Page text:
75.         Mr. Speaker, Compensation of Employees is estimated at GH¢16.0  billion (7.9  percent of  GDP). Of this amount, GH¢14.0 billion, equivalent to 6.9 percent of GDP

76.         Expenditure on Goods and Services is estimated at GH¢3.5 billion, representing 1.7 percent of GDP.

77.         Total   Interest   Payment  estimated   at   GH¢13.9   billion, represents 23.9  percent of total  expenditure and  is equivalent to

6.9  percent of GDP. Of this amount, domestic interest payment constitutes   80.5   percent  of   the   total   Interest   Payment  and

amounts to GH¢11.2 billion.

78.         Mr. Speaker, the  existing legislation that  have  underpinned the estimation of Grants to other  Government units over the years is being  reviewed  to  break  the  cycle  of  rigidities in the  Budget. Consequently, Grants to other  Government units, comprising statutory  payments  into   the   National   Health   Insurance  Fund, Ghana  Education Trust Fund, the  District Assemblies Common Fund, Road  Fund, Energy  Fund, transfer to  the  Ghana  National Petroleum  Company,  retention  of  internally-generated funds  by MDAs  and  other   earmarked Funds has  been   constrained  to  a ceiling  of  25  percent of  tax  revenues. The  total  allocation  for grants to Other Government Units is  GH¢9.7 billion.

79.         Mr. Speaker,  in  addition to  the  significant  tax  incentives granted in this year’s Budget, an amount of GH¢241.2  million has been  budgeted in Social  Benefits to assist lifeline consumers of electricity  and transfers for social protection.

80.         A total  amount of  GH¢7.1  billion  has been   allocated for capital expenditure. Of this amount, 38.9  percent will be financed from domestic sources and the remaining from foreign sources.

Overall Budget  Balance and Financing for 2017

81.         Mr.   Speaker,   based  on   the   revenue  and   expenditure estimates, the  2017  budget will result in an overall budget deficit of GH¢13.2billion, equivalent to 6.5 percent of GDP.

82.         Financing  of  the  deficit  will be  from  both  domestic  and foreign  sources. Net Domestic Financing is estimated at GH¢14.6 billion, equivalent to  7.1  percent of GDP, and  includes financing from divestiture proceeds of GH¢1.8 billion. Net foreign  financing is estimated to constitute a net repayment of GH¢1.3 billion, equivalent to 0.6 percent of GDP. An amount of GH¢300.7  million, equivalent to 0.1 percent of GDP is estimated to be saved in the Ghana  Petroleum and  Contingency Funds while the  Sinking Fund is expected to be drawn-down by GH¢716.1 million.

Projection of 2017 Petroleum Receipts and allocation

83.         Mr. Speaker, the  estimated Benchmark Revenue  (BR) price for crude  oil is US$56.142 per  barrel  for 2017  with a benchmark output  of  43,875,920  barrels  (120,208  bopd)   and   32,512,497

MMBtu for oil and gas, respectively.

84.         The petroleum revenue for 2017  is estimated at US$515.64 million, with BR projected at US$242.08 million.

85.         Mr Speaker, the  second 3-year cycle  for the  review  of the petroleum revenue distribution formula, as stipulated in the PRMA, has elapsed.  We  would  like  to  request  this  august  House to maintain the existing distribution formula  as follows:

·    30 percent of the net Carried and Participating Interest to GNPC;

·    70 percent of net receipts (after  GNPC’s) to the ABFA;

·    30 percent of net receipts (after  GNPC’s) to the Ghana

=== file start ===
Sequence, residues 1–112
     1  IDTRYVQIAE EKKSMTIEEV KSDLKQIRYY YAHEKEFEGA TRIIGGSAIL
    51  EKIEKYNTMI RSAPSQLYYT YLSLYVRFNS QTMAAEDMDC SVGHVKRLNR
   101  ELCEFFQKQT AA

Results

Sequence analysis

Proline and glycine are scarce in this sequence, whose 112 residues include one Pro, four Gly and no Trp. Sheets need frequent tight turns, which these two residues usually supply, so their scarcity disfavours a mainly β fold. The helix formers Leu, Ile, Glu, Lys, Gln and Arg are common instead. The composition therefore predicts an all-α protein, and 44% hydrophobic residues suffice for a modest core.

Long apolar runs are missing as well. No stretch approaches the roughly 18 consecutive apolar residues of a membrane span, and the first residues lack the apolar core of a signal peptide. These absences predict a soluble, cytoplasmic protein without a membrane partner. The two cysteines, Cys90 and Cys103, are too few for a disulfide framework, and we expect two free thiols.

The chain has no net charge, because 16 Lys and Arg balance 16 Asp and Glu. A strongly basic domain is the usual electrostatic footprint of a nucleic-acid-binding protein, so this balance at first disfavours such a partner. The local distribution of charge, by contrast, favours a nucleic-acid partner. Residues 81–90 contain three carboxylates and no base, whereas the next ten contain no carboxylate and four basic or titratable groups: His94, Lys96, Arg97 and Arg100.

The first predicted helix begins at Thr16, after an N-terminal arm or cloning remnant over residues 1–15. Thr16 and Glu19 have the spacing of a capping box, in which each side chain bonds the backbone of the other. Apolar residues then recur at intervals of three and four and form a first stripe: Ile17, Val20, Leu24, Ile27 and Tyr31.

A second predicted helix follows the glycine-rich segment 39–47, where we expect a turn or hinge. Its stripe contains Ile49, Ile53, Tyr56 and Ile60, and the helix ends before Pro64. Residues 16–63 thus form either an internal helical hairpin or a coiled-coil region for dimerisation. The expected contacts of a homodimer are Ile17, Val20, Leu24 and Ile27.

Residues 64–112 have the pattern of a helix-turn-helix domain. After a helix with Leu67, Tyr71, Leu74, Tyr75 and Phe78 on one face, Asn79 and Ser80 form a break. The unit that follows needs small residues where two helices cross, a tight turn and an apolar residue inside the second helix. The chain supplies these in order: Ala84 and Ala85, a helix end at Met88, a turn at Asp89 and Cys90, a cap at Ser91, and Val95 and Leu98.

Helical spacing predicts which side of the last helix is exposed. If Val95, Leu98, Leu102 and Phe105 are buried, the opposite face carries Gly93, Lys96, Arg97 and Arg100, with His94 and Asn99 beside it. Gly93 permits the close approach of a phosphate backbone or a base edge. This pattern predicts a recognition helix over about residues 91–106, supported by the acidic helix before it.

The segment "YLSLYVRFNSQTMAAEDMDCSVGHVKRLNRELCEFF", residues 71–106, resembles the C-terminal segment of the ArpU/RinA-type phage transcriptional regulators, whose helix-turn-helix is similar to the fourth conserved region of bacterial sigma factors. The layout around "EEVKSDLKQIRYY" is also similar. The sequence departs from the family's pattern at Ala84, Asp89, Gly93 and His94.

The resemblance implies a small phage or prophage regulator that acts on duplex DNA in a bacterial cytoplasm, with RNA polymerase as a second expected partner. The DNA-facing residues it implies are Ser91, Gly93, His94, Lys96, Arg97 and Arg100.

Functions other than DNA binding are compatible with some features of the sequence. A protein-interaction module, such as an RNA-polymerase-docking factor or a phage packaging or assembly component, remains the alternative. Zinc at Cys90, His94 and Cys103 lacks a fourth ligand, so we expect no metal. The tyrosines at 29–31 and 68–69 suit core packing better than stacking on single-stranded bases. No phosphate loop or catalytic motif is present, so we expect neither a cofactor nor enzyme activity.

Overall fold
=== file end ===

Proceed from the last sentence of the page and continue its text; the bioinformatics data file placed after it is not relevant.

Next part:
Petroleum Funds;

·    30  percent  of  the   amount  allocated  to  the   Ghana

Petroleum Funds to the Ghana Heritage Fund; and

·    70  percent  of  the   amount  allocated  to  the   Ghana

Petroleum Funds to the Ghana Stabilisation Fund.

86.         We  would  also  like  the  House to  approve the  following priority areas for the  spending of the  ABFA for 2017-2019, in line with the PRMA:





Physical    Infrastructure






·    Physical Infrastructure and  Service  Delivery in Health;


·    Road and Rail Infrastructure Development.

         The Medium Term Debt Strategy and Debt Sustainability Analysis

87.         Mr. Speaker, the  debt  strategy for the  medium term  would be  to manage the  public  debt  at  the  lowest cost and  at  prudent levels of risk to bring our debt  to GDP ratio to 65 percent over the medium term.

88.         Consequently, in accordance with  the  requirement of  the Public Financial  Management Act, 2016 (Act 921), my Ministry will conduct and  publish  a  Debt  Sustainability  Analysis  (DSA) and update the MTDS to guide the borrowing plan and operations. The reports will inform policy decisions, leading  to the reduction in the debt  burden and insulation against other  fiscal vulnerabilities.


89.   Mr. Speaker,  the  sectoral policies  are  designed to achieve our broad  objectives of jobs and wealth  creation and macroeconomic stability while  ensuring compliance with  the PFM  Act.  Permit   me   to  update  this  august  House on  the performance of  some key  sectors of  the  economy and  the

outlook  for  2017  and  the  medium  term.  I  will begin  with  this

August House;


90.   Mr.   Speaker,   Parliament   continued   to    discharge   its mandate through the consideration of 181 Papers including  25

Bills, four Legislative Instruments (L.Is), eight Constitutional Instruments (C.Is), 19 Loan Agreements and 39 Committee Reports. Out of the 25 Bills laid, 18 were passed into law.

91.   Parliament   also   facilitated   the    establishment   of   the Scrutiny  Office  to  provide  expert  analysis of  policy  measures on Bills, the budget, loan agreements and international financial transactions brought before the  House for approval.   In 2017, the  Office will be strengthened to undertake pre-legislative scrutiny of bills through research and  information pursuant to the PFM Act.

92.   Mr.  Speake